The need to belong is a fundamental need within all of humanity, and has played a key role in society since the beginning of time. The novel by S.E Hinton, ‘The Outsiders’ conveys this need and the yearning to feel social acceptance within us all. ‘The Outsiders’ comments on this inherent part of humanity through its realistic portrayal of teenage gang life, centering on the dependency of the gang members to feel a sense of inclusion and support from their gang. Insert The Outsiders plot line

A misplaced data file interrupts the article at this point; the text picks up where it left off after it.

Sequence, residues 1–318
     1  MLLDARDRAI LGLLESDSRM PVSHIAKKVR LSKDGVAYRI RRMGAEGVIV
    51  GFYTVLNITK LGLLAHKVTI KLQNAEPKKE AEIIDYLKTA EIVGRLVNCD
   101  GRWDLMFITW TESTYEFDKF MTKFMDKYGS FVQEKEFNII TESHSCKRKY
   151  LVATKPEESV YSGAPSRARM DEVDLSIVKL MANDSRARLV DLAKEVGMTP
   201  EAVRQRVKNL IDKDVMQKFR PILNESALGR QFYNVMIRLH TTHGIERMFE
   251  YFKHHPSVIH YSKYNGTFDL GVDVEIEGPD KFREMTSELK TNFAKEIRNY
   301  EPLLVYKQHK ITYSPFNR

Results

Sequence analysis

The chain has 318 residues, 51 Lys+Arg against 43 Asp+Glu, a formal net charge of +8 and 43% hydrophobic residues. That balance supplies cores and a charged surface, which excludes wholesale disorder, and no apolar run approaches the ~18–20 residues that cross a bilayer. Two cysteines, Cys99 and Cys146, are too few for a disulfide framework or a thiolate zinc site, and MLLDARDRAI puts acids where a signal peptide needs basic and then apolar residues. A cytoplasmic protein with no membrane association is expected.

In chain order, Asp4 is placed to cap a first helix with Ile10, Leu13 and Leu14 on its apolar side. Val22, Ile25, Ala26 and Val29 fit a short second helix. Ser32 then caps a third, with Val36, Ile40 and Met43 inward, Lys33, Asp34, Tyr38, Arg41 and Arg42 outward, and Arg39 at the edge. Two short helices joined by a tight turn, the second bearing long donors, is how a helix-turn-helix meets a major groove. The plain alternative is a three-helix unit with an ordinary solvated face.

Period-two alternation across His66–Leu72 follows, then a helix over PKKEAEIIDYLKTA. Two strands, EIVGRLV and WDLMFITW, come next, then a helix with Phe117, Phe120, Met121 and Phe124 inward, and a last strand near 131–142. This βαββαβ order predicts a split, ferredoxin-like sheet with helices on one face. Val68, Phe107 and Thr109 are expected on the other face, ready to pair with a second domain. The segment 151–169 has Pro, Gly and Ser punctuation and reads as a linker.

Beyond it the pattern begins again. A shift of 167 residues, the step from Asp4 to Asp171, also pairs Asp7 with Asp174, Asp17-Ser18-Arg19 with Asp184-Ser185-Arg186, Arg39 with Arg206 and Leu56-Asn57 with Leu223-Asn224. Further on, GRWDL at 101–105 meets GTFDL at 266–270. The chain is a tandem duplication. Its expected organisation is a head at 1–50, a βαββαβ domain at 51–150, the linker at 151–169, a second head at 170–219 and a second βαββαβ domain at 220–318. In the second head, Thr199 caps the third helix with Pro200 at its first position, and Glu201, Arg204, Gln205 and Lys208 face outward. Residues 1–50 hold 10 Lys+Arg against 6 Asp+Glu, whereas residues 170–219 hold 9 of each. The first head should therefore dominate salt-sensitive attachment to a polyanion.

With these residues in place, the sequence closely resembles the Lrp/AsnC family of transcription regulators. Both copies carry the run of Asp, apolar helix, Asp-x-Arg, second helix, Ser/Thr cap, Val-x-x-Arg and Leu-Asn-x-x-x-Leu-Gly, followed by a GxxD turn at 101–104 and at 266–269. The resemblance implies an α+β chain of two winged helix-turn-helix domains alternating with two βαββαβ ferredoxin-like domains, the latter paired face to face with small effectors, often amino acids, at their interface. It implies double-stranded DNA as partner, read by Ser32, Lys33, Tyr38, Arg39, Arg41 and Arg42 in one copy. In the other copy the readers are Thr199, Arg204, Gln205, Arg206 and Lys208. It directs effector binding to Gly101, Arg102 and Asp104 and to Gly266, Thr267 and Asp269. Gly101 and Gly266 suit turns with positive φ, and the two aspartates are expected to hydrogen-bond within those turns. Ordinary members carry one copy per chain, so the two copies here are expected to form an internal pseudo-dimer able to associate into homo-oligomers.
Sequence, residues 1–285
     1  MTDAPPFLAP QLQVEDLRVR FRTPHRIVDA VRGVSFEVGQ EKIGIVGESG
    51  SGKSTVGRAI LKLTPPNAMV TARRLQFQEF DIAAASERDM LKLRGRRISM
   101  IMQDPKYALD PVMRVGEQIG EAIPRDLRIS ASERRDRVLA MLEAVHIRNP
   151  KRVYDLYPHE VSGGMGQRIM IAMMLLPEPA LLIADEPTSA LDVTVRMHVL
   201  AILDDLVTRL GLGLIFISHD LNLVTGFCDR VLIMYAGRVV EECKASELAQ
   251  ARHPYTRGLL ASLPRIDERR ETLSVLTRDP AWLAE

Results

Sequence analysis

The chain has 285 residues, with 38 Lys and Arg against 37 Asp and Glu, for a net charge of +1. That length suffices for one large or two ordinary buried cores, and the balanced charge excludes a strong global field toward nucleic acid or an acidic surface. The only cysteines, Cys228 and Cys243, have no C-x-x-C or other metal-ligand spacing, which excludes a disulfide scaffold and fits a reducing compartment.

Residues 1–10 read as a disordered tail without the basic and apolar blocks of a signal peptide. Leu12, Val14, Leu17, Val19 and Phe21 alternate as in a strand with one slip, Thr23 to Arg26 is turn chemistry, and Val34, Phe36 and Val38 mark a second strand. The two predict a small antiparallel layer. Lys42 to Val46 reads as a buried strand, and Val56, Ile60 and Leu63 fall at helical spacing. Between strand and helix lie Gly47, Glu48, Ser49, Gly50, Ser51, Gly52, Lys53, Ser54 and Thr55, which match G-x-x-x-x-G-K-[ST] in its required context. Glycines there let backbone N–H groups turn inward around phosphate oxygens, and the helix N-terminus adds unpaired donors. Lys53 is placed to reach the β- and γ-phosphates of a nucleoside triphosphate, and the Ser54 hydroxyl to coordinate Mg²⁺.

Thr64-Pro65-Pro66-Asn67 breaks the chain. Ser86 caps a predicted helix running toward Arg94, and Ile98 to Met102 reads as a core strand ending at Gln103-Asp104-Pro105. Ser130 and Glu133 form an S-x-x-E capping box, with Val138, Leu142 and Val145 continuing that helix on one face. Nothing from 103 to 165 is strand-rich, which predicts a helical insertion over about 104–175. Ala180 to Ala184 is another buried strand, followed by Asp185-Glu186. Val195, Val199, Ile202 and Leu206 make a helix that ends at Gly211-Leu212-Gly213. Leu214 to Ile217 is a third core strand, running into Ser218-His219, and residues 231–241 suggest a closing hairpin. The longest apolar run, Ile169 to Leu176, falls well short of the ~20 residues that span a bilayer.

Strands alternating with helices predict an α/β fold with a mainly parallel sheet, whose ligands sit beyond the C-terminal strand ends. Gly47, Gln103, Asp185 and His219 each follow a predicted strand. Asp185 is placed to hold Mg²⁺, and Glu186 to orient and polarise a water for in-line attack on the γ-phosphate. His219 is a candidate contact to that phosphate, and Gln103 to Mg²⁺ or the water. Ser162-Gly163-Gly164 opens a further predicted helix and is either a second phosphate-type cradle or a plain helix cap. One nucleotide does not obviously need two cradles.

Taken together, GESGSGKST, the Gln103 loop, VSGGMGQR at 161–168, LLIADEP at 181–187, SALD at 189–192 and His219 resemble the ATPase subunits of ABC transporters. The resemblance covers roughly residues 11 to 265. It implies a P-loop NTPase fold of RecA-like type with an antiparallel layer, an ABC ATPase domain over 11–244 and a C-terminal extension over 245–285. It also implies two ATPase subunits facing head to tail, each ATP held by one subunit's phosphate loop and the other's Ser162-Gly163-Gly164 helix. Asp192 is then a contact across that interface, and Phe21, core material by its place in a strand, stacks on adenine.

‘The Outsiders’ conveys that the need to belong is apparent within everyone through the universality of the needs and views of the gang members. This conveys that finding a place to belong, as the characters do within their own gangs, is a basic aspect of man. These concepts are explored through the archetypal structure of the gangs represented within 'The Outsiders’ that the audience is able to relate to, with the gangs clear hierarchy and their fierce loyalty and dependency present between the gang members. The novel depicts Ponyboy’s awakening to the true similarities between the rival gangs, and that although they brand themselves as polar opposites, both gangs at the heart are the same. It is slowly revealed that both gangs exist in order to give the teenagers a place to deal with society’s expectations and to feel a sense of inclusion, needs that the whole of society can relate to. The rivalry between the gang also signifies the universality of the gangs, as it is common throughout society for groups to bond themselves through a sense of ‘us versus them’, fulfilling the need within humanity for inclusion and camaraderie. There is also a strong tribal element within the gangs, as both gangs are male centered, territorial and resort to violence. This conveys the inherent need within humanity to belong, as tribes have formed since the beginning of time as an answer to this need. The tribal nature of the gangs also conveys the gang member’s reliance on the gang and the...
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